Congress has produced a 2000 page mish-mosh that is supposed to be a plan for health care--pardon me, health insurance--reform. It is an incomprehensible monstrosity. Incomprehensible to me; incomprehensible to Ms. Pelosi; incomprehensible to every member of the House of Representatives; incomprehensible to Harry Reid and Chuck Schumer; incomprehensible to the President. I maintain that there is no one, but no one, who comprehends it. There is no group or committee, or even the Congress as a whole, that comprehends it. They are like "All the King's horses and all the King's men" trying to reassemble Humpty Dumpty when it comes to explaining this legislation. Is it any wonder that most Americans have turned against them?

I, on the other hand, can improve our health care system and save money in four simple steps that would require three sentences of legislation.

Step 1: Tort Reform.
Sentence 1: In malpractice cases, non-economic (aka punitive) damages are capped at $250,000.

Step 2: Equalize tax treatment of health insurance premiums.
Sentence 2: All health insurance premiums (not just for employer sponsored plans) are deductible for federal income tax purposes.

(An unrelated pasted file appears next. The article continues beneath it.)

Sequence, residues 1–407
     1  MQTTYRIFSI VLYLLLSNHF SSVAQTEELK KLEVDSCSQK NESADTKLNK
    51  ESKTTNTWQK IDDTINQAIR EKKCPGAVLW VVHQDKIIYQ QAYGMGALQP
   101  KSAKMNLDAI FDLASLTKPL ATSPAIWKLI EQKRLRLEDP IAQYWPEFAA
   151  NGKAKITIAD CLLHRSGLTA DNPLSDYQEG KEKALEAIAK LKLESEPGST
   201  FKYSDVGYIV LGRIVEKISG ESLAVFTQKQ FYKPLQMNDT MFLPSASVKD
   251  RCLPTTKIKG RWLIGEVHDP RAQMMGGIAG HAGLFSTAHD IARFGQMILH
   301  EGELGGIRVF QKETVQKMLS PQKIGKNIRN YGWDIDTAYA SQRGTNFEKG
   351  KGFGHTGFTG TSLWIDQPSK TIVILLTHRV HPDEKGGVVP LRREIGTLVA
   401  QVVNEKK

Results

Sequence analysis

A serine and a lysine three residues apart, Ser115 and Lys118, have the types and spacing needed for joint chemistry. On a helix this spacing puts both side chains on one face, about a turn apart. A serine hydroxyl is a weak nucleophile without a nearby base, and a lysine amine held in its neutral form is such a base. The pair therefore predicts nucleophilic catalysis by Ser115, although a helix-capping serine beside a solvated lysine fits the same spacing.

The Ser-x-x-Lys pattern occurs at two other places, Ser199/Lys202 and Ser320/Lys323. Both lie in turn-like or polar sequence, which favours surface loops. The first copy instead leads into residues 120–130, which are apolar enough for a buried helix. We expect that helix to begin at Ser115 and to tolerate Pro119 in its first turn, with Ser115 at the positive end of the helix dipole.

Step 3: National health insurance market.
Sentence 3: Health insurance may be purchased across state lines.

Step 4: Close our borders to illegal immigration.
Sentence 4: None required. This is already an obligation of our government. Indeed, protection of borders in an inherent obligation of any nation, and does not require legislation.
All it requires is for the Congress and the President to man up, to step up to the plate, to grow a pair, if you get my drift.

The rationale for each of these steps is obvious, and does not require explanation for most Americans. If you are a member of Congress and do not understand, please email me with your questions, and I will have my staff, or a student from the local middle school, send you an explanation.

Friday, August 21, 2009

A Failed Health Care System?